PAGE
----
Linked by Thom Holwerda on Thu 4th Sep 2008 21:33 UTC
Windows A few weeks ago, I reviewed the Acer Aspire One notebook, the variant which came with an Acer-modified version of Linpus Linux. This version was locked-down and difficult to modify, so not too long after I installed Ubuntu, and was reasonably pleased - despite the amount of tweaking it took to get it working. A few days ago, however, I realised Linux wouldn't be ideal for me on my netbook. Due to pragmatic reasons, I'm now running Windows XP.
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No Bluetooth on the Acer Aspire One, and a slow SSD. It also has a 3-cell battery ... 1.5 hours only.

That was the disappointment for me, in addtition to the attempted lock-down of Linux. It also has a sealed case.

Given that it was rumoured to have Ubuntu pre-installed, I was going to opt for a Dell Mini Inspiron 9 if it seemed right, but no ... Dell don't want to sell to me:,239035649,339291812,00.htm
"While in the US there are a range of configuration options including the choice for Ubuntu as your operating system, Australia at this stage has one configuration alone."
"Dell has launched itself into the nascent netbook market pioneered by the Asus Eee PC, which analysts predict will soon account for a third of all laptop sales. From today consumers can order the diminutive Dell Inspiron Mini 9 for $599. The first review, published by APC magazine, described it as "very sexy" and praised the inclusion of a 16GB hard drive, webcam and Bluetooth support." (So far, so good)

but then disaster ...
"In Australia the Mini 9 comes with Windows XP only, despite Linux being included as an option overseas."

Dell Australia have blown it very badly here IMO.

Oh well, that has enticed me to look out for other options to get an Ubuntu pre-loaded Linux netbook in Australia.

And there we have it.

Made in Australia. Check.
$549 = $50 cheaper. Check.
60GB Hard disk. Check.
1 GB RAM. Check. (2 GB maximum ... I thought Microsoft had banned that much RAM in a netbook?)
Webcam included. Check.
Ethernet, Wireless and Bluetooth all included. Check.
Keyboard with function keys. Check.

Ubuntu pre-installed as an option. Check. (Save $49 over XP Home). Double check.

Bad luck, Dell Australia ... you miss out. You could have had the market, but you blew it.

Edited 2008-09-05 04:09 UTC

Reply Score: 2

Thom_Holwerda Member since:

It also has a 3-cell battery ... 1.5 hours only.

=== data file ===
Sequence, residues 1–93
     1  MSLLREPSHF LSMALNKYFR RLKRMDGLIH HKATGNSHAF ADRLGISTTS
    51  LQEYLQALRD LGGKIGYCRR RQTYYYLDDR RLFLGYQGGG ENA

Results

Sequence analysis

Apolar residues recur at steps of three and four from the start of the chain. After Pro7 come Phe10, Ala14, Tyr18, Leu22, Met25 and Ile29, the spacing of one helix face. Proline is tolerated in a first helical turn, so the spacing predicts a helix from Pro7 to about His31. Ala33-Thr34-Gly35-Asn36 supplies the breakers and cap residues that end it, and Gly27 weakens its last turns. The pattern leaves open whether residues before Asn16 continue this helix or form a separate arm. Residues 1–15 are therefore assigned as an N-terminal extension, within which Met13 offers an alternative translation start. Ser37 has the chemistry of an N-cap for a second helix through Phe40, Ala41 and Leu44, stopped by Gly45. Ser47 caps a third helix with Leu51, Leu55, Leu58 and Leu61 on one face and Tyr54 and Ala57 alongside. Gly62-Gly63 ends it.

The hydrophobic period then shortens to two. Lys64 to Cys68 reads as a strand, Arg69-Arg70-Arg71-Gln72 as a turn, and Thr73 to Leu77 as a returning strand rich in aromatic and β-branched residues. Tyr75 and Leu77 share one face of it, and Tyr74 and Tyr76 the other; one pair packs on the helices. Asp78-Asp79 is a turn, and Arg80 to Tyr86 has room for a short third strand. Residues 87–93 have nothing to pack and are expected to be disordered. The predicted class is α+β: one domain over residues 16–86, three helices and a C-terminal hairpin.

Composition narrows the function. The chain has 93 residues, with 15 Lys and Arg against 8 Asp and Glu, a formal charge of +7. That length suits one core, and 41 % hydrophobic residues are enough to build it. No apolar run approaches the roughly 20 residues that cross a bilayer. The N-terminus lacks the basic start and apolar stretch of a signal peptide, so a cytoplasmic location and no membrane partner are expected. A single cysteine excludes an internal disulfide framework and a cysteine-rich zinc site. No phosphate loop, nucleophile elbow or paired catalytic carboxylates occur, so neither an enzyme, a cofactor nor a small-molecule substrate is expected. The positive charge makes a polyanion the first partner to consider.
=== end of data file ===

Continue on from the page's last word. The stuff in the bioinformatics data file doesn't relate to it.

That's nonsense, by the way. In both Windows XP and Linux, battery time averages out at ~2.5hrs, with wireless ON.

Reply Parent Score: 1

truckweb Member since:

My Aspire last for about 2hrs to 2.5hrs depending on what I'm doing with it. Wireless does eat more energy.

The included SSD is indeed slow. Probably worst than the original EeePC 701 I had before.

Reply Parent Score: 2

lemur2 Member since:

"It also has a 3-cell battery ... 1.5 hours only.

That's nonsense, by the way. In both Windows XP and Linux, battery time averages out at ~2.5hrs, with wireless ON.

Well I don't have a netbook myself yet, so I can't comment, but 1.5 hours was a figure I'd read somewhere in comparisons.

Regardless, the Aspire One has one of the puniest batteries in this class of machine, however long it actually lasts:

"The Acer Aspire One is better than most netbooks and is fantastic for anyone who wants a small, cheap machine on which to type and surf the Web. However, its battery life lets it down slightly.


The bad:

* Small, oddly designed mouse trackpad
* Poor battery life


be warned, though: the One saves weight because it comes with a very small, very lightweight 2200mAh battery"

I mean to say, three warnings in the one review should be enough to alert anybody.

I priced an Acer Aspire One in the local shops today ... here in Australia, with: its weaker battery (3 cell vs 4 cell); same processor, ports and screen; half the RAM capacity; one eighth the disk space and no Bluetooth it costs $150 more in the stores than the Pioneer DreamBook Light IL3 netbook.

I know which one I would recommend.

Edited 2008-09-05 15:06 UTC

Reply Parent Score: 2